The board and CEO have equal responsibility to act as checks and balances of each other with the membership as the final arbiter of any dispute.
The true absurdity of this whole proceeding is well summarized by Christian Bope in the following two sentences:
● the CEO should have consulted the Board with regards to the publication; if it was urgent the CEO should have consulted the Chair;
● the Management has a tendency to send too many documents to the Board; unless there is an urgent matter, all documents or decisions which require Board approval should be submitted for Board discussion at least 14 days prior scheduled Board meeting,
So in one breath he complains that the CEO didn’t send the document to the board for approval prior to publication and in the next breath he complains that the CEO sends too many documents to the board.
Well, Mr. Bope, which is it? Do you want the CEO to have greater autonomy and bother the board less, or do you want to micromanage every aspect of the CEO’s actions?
How can a CEO possibly operate effectively when the guidance he receives from the board is so thoroughly dysfunctional?
All of this just in topic 1. Now, let us consider topic 2…
Serge Ilunga claims that by disclosing a public document, Seun Ojedeji somehow violated the board NDA… I haven’t read this specific NDA, but never in my life have I ever been asked to or signed an NDA which required me to keep confidential any documis otherwise published and/ made public by other independent means that were not a violation of an NDA.
In this case, Seun stands accused of distributing a document which was well and truly public before the board received it. It would have been impossible for him to violate any reasonable NDA by further disclosing it and any claim that he did is so completely absurd that it makes me thoroughly question Mr. Ilunga’s qualifications as a member of the board.
There is some reassurance that can be taken in that the board as a whole at least realized that Mr. Ilunga’s accusation is baseless and wholly without merit.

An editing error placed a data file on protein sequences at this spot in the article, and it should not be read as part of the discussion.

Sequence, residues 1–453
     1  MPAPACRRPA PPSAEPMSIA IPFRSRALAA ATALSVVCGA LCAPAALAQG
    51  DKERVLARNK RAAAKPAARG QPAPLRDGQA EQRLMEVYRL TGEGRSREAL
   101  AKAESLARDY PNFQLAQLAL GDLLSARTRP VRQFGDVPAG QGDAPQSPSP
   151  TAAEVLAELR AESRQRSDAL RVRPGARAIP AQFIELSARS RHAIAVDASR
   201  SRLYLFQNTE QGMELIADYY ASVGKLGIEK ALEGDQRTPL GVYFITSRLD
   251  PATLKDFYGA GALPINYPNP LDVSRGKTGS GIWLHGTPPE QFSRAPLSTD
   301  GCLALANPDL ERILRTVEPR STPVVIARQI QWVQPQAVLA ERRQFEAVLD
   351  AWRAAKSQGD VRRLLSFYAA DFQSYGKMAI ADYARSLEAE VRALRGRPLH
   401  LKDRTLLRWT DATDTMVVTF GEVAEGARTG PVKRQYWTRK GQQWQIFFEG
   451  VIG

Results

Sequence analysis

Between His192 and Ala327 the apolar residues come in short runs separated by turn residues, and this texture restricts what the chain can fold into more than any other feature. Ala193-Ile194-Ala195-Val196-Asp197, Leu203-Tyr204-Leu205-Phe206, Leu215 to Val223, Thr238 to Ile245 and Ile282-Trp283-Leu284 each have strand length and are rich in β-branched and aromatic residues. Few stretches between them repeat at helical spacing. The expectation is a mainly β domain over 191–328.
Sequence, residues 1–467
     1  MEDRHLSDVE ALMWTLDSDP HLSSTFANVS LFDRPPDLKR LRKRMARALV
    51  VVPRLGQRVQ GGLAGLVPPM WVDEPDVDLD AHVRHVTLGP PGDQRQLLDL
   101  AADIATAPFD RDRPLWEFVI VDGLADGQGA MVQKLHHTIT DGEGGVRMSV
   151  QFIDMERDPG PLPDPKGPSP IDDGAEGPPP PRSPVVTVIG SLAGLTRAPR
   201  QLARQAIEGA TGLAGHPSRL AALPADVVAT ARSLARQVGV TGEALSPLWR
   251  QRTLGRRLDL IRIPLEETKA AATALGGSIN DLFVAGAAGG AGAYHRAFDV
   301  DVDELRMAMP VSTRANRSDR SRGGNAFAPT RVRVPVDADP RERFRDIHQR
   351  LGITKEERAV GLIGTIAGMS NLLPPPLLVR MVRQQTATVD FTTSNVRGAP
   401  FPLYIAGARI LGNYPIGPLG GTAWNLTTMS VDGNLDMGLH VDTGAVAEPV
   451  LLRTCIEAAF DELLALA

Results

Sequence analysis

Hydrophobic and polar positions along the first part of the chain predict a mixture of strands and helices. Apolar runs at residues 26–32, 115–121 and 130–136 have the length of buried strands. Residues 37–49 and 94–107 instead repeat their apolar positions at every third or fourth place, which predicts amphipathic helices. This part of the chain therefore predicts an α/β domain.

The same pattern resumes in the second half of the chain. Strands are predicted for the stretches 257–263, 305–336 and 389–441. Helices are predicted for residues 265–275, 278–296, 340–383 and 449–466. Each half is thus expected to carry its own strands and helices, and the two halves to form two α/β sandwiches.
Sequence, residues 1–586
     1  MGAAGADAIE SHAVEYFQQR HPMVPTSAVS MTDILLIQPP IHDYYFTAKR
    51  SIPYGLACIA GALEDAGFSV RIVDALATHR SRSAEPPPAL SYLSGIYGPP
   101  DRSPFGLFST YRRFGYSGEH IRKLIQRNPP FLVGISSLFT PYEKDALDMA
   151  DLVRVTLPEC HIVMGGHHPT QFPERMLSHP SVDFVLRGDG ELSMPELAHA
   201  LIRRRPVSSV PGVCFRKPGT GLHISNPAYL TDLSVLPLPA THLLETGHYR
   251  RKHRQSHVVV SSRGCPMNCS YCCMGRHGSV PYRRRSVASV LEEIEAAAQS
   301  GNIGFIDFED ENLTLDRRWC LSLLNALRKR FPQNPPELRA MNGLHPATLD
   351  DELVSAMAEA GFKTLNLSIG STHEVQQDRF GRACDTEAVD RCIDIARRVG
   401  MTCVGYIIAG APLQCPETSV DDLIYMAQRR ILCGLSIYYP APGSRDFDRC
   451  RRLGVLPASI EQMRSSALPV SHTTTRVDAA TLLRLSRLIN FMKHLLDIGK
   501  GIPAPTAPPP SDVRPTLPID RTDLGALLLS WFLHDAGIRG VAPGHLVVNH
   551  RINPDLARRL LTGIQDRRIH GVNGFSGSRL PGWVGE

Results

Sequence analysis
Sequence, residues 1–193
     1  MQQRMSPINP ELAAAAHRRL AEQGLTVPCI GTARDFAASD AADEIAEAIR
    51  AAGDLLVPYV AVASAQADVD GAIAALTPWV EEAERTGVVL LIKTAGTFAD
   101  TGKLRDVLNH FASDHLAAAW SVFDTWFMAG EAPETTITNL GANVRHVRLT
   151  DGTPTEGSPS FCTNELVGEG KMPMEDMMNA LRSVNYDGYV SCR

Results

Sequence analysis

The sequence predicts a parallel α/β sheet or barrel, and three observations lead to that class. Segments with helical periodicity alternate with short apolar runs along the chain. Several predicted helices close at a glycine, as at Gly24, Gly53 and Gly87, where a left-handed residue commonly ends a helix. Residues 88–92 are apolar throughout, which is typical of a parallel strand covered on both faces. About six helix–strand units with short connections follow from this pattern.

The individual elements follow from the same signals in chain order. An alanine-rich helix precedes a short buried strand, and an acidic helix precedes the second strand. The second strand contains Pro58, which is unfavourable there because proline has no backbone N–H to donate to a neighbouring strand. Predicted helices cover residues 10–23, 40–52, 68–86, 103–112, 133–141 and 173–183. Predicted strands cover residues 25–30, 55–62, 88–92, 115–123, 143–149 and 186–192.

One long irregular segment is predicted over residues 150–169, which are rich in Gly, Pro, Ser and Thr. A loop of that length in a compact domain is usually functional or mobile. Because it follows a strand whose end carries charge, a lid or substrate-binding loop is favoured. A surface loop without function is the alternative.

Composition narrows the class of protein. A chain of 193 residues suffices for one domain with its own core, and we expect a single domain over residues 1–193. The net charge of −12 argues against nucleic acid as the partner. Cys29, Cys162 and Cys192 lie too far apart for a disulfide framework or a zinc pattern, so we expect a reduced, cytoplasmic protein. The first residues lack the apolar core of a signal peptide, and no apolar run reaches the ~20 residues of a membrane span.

Indeed, the one and only legitimate item on the agenda was then deferred to the next meeting followed by, perhaps, the most absurd question and most ridiculous answer in the entire set of minutes:
“The Chair asked the Board whether there is a need to seek SM’s consent before the public release of the Court Rulings.”
Let me get this straight… The Chair felt compelled to ask the board whether or not they needed the consent of a single board member (which I see no particular reason to ask this particular board member and there is no explanation in the minutes) prior to the public release of a document which is ALREADY PUBLIC? How can the board possibly do anything before the public release of a document which was, by definition, publicly released at the time the board received it?
I would expect the only rational answer that could possibly come to that question would be “Uh, that’s kind of absurd since the document is already public.”
Nonetheless, the answer from this beloved board? Here you go:
“After discussion, there was no agreement on whether to seek consent.”
That’s right, folks… A collective “Uh, we can’t agree.” Unfortunately, in yet another triumph of board opaqueness, we aren’t treated to any minutes of this discussion that would allow us to identify which board members offered a correct answer vs. which ones were still clinging to the absurd notion that the document was somehow not already public. To make matters worse, the nature of the board NDA probably precludes each board member from even disclosing his own view to the community.
So… I hereby encourage the board to take up the question of waiving the NDA with respect to this question and ask that each board member self-identify as to whether they believe that this public document is somehow not yet publicly released.
Thanks for your attention and thanks, Sander for calling this to our attention.
> On May 27, 2019, at 05:49 , Sander Steffann <sander at steffann.nl> wrote:
> I was just reading the board minutes at https://www.afrinic.net/ast/pdf/2019-minutes/20190305-minutes.pdf and I am surprised at the level of micro-management that CEO Alan Barrett has to deal with. In those minutes both Alan and Seun Ojedeji seem to be reprimanded for being open and transparent to this community. The summary of those minutes show how the board has made it explicitly clear that the CEO is to have no responsibility anymore towards this community.
> Therefore I would like to explicitly and publicly express my gratitude to both Alan and Seun for their efforts to keep this community involved in Afrinic matters in an open and transparent way. I feel this is a strong requirement for keeping Afrinic respected and supported by both its members and its community.
> Community-Discuss mailing list
> Community-Discuss at afrinic.net